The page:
If you plan to enlarge your study and send it for publication later, remember that some journals don’t accept work whose previous results have already been presented in more than 250 words. If the study is good, we hope that it will be published once completed. The congress is a place to present part of the results and we don’t wish to close the door on future publication. If this is the case, send us your abstract with a maximum of 250 words, which briefly includes the aforementioned sections and as appropriate for either the clinical case or communications.

What title should I give?
The title should be between 10 and 12 words and reflect the content of the study. It can be informative (what type of study) or descriptive (partly giving the result).

Is it a study that includes animals?
If it is a study that implies new diagnostic techniques or new therapies, it’s necessary to justify the use of animals, whether they are experimental animals or pets.
You must justify the research – give the preliminary data or other investigations that can justify its use, the potential benefit compared to current therapies or techniques, the lack of alternatives or models, and try to obtain results using the least number of cases possible.
• If the study has been made in a centre for investigation or an academic institution, where it was required to pass an ethical committee, that authorisation should be included.
• If the animals are pets, has the owner been fully informed of the study and of any possible complications, and have they signed a document of consent?

By who and how will my work be evaluated?
Each scientific publication is evaluated by two people (both with experience in the relevant field) to determine whether the publication is adequate for the congress or not. The revision is anonymous. The author doesn’t know who reviews their work, and the reviewers don’t know the author. Therefore, it’s important to avoid, as far as possible, that the reviewer can identify the authors. Don’t include that your study was presented to XXX service of the YYY veterinary hospital, located in ZZZ. In some cases it will be impossible (if you are the only person offering a certain service), but as a general rule please maintain anonymity.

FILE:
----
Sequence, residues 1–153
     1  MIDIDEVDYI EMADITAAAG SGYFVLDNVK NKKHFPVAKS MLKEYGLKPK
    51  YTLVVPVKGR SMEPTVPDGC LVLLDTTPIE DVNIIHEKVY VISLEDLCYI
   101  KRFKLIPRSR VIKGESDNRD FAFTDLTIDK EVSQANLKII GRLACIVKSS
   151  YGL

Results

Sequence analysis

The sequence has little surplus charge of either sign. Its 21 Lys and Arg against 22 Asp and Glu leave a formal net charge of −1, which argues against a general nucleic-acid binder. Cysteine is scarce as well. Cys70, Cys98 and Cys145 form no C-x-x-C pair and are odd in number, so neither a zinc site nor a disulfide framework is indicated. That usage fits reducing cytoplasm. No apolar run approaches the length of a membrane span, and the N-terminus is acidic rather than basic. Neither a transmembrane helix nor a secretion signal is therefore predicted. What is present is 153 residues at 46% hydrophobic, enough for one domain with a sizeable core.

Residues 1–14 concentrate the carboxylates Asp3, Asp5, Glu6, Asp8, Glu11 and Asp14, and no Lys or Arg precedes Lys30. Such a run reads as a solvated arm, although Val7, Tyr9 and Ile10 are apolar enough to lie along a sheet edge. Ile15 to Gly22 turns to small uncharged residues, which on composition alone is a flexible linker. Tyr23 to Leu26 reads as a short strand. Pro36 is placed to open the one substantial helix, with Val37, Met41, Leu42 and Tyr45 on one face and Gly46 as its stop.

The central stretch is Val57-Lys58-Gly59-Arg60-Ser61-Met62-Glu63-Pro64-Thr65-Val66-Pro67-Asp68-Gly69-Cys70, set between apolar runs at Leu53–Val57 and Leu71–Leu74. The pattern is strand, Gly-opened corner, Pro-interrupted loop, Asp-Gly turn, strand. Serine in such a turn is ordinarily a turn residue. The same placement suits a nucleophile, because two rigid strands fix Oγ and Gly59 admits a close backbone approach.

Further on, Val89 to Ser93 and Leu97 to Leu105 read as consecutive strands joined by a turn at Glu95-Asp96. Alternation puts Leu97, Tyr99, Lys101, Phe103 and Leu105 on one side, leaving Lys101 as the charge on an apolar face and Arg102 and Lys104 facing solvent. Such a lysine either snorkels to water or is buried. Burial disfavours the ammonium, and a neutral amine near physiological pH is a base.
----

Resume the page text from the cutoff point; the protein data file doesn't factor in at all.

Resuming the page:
The reviews will check to see that the study complies with the required formalities (structure, word limit, is well written, with a title that reflects the results, etc.). However, these are the important points:
• Is the study adequate for the congress audience? Remember that it’s a small animal congress (dogs, cats and new companion animals). Because of this, studies of horses, for example, will not be accepted.
• Does it contribute significantly to the knowledge on the subject area? Is it relevant? New? Does it corroborate previous results that were preliminary or contradictory? Is it a new line of research?
• Scientific rigour. Does the work use adequate vocabulary, good methodology, and explain the results clearly? Does it conform to the ethical criteria on animal research?
• Practical application. Clinical cases of one study have a limited interest, especially for assessing therapy responses. Work that follows a series of cases of medium- to long-term studies that are well documented offer more valuable information.
• Ethics. Aspects such as the animal’s wellbeing, potential conflicts of interest, authorship or repetitive publication will be taken into account.

If both reviewers are in agreement and either accept or don’t accept a study, this will be the decision taken. In cases of disagreement between the two reviewers, a third person will review the work and a majority decision will then be taken. In general, work that requires important changes to the abstract will be rejected.